The Dark Knight
Kill Bill Vol. 2
Quantum of Solace
Simpsons Movie

Maybe instead of the words “Miles Davis” there’s only the eyes, or maybe a trumpet. Perhaps the words “Miles Davis” above a trumpet.

I did suggest earlier a riff on his signature. Or even the image on the cover of the Jack Johnson album.

Maybe the name is all that’s required. It’s a ‘name’ that conjures a variety of images and feelings. That might be enough. We’re assuming the name of the Miles Davis biopic will be called “Miles Davis,” so perhaps it’s okay to stick with it. Look, the movie wasn’t called “Ray Charles,” just “Ray.” And that worked out fine. In this case, I think you need the “Davis” with the “Miles.”

Much of this has to do with how to sell the movie. Fans of Miles Davis are already going to see it. This is about the demographic that are looking for something entertaining, or are intrigued enough about a legendary figure to buy a ticket. The film is still too early in the development stages to worry about that yet (it’s okay, I’ll worry about it now), but eventually it will be a hot topic in some marketing executive’s office somewhere.

The “Ray” movie poster is effective. I wasn’t able to find any teaser poster, but the official poster sort of goes along with my idea. The tagline on the poster nicely lays out the theme of the movie: “The extraordinary life of Ray Charles. A man who fought harder and went farther that anyone thought possible.”

Maybe this is what the Miles Davis biopic should utilize – a powerful text that sums of the iconic status of Miles Davis.

I’ll run a few taglines up the flag pole, but if anyone has anything to add please do so. *Disclaimer: In no way do I presume any of my tagline ideas will be any good.

“Cool is Forever”
“It’s About that Time”
“The Man, the Music… the Legend”

The Miles Davis Movie: A poster, a poster, my kingdom for a poster

I just read that Quentin Tarantino has added actors Julie Dreyfus, Michael Bacall and Omar Doom to the cast of “Inglorious Bastards,” but more importantly, I found this cool, teaser poster for the film with The Playlist story.

And what does a movie poster for a much-hyped, WWII epic from Tarantino have to do with anything on the Blog dedicated to all things Miles Davis biopic?

Because we don’t have one!

Tell me, how awesome would it be to have a teaser one-sheet for the upcoming Miles Davis film? I know, we’ve covered how it’s still in development (though a script does exist) and there’s probably still business issues being worked out and lord knows what else, but please… a poster would really heat things up around here.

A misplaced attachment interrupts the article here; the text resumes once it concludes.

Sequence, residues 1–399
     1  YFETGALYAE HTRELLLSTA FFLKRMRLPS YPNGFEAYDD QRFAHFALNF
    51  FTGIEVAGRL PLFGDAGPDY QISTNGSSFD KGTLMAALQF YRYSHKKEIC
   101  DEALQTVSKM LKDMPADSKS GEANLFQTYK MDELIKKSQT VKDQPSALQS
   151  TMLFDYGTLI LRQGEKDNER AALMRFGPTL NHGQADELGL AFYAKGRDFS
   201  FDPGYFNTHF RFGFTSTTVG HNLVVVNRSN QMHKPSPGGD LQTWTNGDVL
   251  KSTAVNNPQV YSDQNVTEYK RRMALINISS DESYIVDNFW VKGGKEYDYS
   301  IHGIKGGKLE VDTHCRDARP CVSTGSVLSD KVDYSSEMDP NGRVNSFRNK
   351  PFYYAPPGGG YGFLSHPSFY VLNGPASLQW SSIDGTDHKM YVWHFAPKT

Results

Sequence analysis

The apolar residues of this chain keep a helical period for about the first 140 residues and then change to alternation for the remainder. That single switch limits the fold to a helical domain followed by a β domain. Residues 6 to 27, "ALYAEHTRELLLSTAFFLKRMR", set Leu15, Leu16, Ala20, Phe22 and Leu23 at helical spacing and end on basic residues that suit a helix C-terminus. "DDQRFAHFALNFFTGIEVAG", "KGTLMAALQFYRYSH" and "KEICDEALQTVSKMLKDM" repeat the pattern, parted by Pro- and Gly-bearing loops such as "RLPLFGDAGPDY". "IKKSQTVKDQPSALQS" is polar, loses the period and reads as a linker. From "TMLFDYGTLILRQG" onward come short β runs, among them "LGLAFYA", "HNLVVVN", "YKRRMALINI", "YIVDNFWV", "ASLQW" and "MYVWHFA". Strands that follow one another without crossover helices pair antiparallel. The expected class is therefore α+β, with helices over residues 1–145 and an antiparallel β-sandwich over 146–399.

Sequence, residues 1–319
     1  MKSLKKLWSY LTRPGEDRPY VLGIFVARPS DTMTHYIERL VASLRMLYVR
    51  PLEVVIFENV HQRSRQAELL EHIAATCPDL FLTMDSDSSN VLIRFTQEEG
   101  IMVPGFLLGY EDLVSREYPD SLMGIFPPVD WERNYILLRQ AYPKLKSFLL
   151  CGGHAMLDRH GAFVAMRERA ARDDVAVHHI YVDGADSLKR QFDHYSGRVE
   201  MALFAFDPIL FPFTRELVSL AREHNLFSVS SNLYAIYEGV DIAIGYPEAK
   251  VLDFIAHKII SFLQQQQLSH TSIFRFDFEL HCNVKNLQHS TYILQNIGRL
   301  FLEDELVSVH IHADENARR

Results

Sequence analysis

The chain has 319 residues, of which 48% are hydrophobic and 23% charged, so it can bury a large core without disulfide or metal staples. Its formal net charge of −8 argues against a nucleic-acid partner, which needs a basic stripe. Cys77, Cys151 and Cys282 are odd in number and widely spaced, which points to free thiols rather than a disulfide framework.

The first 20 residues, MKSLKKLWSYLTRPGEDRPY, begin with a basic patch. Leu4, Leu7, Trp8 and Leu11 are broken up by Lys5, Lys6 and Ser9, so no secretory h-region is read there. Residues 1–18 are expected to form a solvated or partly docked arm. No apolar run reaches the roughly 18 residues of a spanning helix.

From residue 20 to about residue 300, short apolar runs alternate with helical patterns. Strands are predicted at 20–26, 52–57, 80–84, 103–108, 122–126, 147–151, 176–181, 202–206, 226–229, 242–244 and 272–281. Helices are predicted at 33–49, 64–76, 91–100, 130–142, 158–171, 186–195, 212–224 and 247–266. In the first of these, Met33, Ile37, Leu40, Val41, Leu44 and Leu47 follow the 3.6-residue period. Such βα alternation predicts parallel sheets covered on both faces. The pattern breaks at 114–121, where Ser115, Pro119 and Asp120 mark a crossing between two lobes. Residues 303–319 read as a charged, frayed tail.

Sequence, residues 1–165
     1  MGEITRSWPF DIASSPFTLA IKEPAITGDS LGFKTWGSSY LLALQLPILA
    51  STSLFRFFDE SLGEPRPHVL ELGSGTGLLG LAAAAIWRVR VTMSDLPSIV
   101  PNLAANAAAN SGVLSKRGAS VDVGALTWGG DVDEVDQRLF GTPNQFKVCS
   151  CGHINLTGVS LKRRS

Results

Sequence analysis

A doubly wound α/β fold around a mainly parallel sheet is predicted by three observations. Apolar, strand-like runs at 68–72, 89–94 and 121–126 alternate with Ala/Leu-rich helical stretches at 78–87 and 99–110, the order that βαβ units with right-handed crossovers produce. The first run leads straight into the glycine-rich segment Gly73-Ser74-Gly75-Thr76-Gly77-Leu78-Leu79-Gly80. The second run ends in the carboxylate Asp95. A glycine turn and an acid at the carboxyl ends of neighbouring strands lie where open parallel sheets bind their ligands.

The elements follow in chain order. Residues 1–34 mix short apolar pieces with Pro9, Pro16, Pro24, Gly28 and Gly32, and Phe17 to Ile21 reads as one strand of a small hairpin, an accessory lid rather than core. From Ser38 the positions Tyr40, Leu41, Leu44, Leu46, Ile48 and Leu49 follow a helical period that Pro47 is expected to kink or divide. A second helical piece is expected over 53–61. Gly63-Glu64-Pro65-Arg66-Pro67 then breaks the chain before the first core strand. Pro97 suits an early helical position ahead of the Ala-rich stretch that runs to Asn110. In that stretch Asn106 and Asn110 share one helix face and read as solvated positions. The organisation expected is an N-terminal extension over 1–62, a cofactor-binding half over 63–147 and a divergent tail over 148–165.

That’s like two weeks worth of posts right there, just dissecting every inch of the poster.

Back in June I pondered what the movie poster should look like (Saul Bass, anyone?), so feel free to go back and reminisce.

But this Inglorious Bastards poster has re-awakened my need for design as it relates to the Miles Davis biopic. How about a black poster with the words ‘Miles Davis’ in white lettering smack dab in the middle? And at the bottom it can read ‘Coming Soon.’

Not too fancy, but it’s a start. See, this is where if I were in charge I’d have a design contest and have a nice prize for the person who creates the best teaser poster for the Miles Davis film – doesn’t even have to be the official poster, just the one that whets our appetite.

(Note to self: get new iPod, have contest)

Kind of Blue – celebrating the 50th anniversary

Columbia/Legacy recordings will celebrate the 50th anniversary of Miles Davis’s landmark album, Kind of Blue, with the release of a special collector’s edition that will include the original album, alternate takes, a DVD jazz documentary, and more.

The box set will be released on September 30th.

Packaged in a 12-inch slipcase box, the 50th Anniversary Collector’s Edition will include:

• Two CDs (original album plus studio sequences, false starts, and alternate takes from 1958-59 sessions, plus 17-minute “So What” live in Holland, 1960);

• DVD: newly-produced documentary featuring superstars of jazz;

• 60-page 12×12 full-color book, tons of photos; and

• 180-gram blue vinyl 12-inch LP — first time ever in a Legacy box set.

The Miles Davis Movie: Cheadle on Late Show; no mention of ‘Miles,’ but I’m excited anyway…

cheadle_miles_getty_260 Don Cheadle, the man tasked with filming and portraying the legendary Miles Davis for the upcoming film, was on the Late Show Tuesday night to promote his new film, Traitor.

Did he mention anything about the Miles Davis biopic? No. Did he really have the time? No.

Perhaps if he shows up on “Charlie Rose” he’ll have the chance to discuss the Miles Davis project. But for now it’s all about Traitor, which is fine. There will be time to ignite the Miles Davis promotion machine.

I’ll say that when he walked out on stage I instantly envisioned him as Miles Davis; the ‘look’ is there, and I think he’s going to really make Miles Davis come alive on screen.

News about the Miles Davis biopic is slim these days, but we’ll take what we can get. Soon enough it’ll change and the tsunami of Miles Davis Movie news, analysis and opinion will flood the media landscape.

That’s going to be fun.